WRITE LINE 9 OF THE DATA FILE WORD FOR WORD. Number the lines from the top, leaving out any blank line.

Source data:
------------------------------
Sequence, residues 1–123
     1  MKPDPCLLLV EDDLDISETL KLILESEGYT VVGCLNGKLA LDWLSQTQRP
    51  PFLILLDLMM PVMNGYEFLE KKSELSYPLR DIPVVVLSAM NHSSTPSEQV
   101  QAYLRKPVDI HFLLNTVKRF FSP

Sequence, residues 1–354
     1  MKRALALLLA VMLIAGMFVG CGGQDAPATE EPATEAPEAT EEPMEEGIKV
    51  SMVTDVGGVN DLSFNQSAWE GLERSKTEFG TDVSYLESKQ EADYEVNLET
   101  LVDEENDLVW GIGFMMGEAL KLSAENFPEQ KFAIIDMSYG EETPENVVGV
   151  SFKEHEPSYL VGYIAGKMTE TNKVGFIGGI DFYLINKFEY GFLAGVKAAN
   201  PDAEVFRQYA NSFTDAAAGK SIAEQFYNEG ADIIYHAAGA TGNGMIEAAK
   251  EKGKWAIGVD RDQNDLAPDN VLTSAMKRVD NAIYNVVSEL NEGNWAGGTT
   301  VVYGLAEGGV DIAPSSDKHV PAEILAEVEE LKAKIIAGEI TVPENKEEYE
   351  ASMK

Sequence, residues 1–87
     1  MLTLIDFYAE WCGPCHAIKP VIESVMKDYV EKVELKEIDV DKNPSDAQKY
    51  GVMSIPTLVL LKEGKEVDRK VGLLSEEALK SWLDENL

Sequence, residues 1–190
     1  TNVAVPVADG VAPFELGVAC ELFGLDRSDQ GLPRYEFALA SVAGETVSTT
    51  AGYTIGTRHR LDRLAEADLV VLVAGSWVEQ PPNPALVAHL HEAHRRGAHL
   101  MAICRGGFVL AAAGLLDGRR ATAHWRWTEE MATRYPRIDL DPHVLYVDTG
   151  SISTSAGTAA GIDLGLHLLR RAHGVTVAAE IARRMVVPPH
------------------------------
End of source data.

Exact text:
   151  SFKEHEPSYL VGYIAGKMTE TNKVGFIGGI DFYLINKFEY GFLAGVKAAN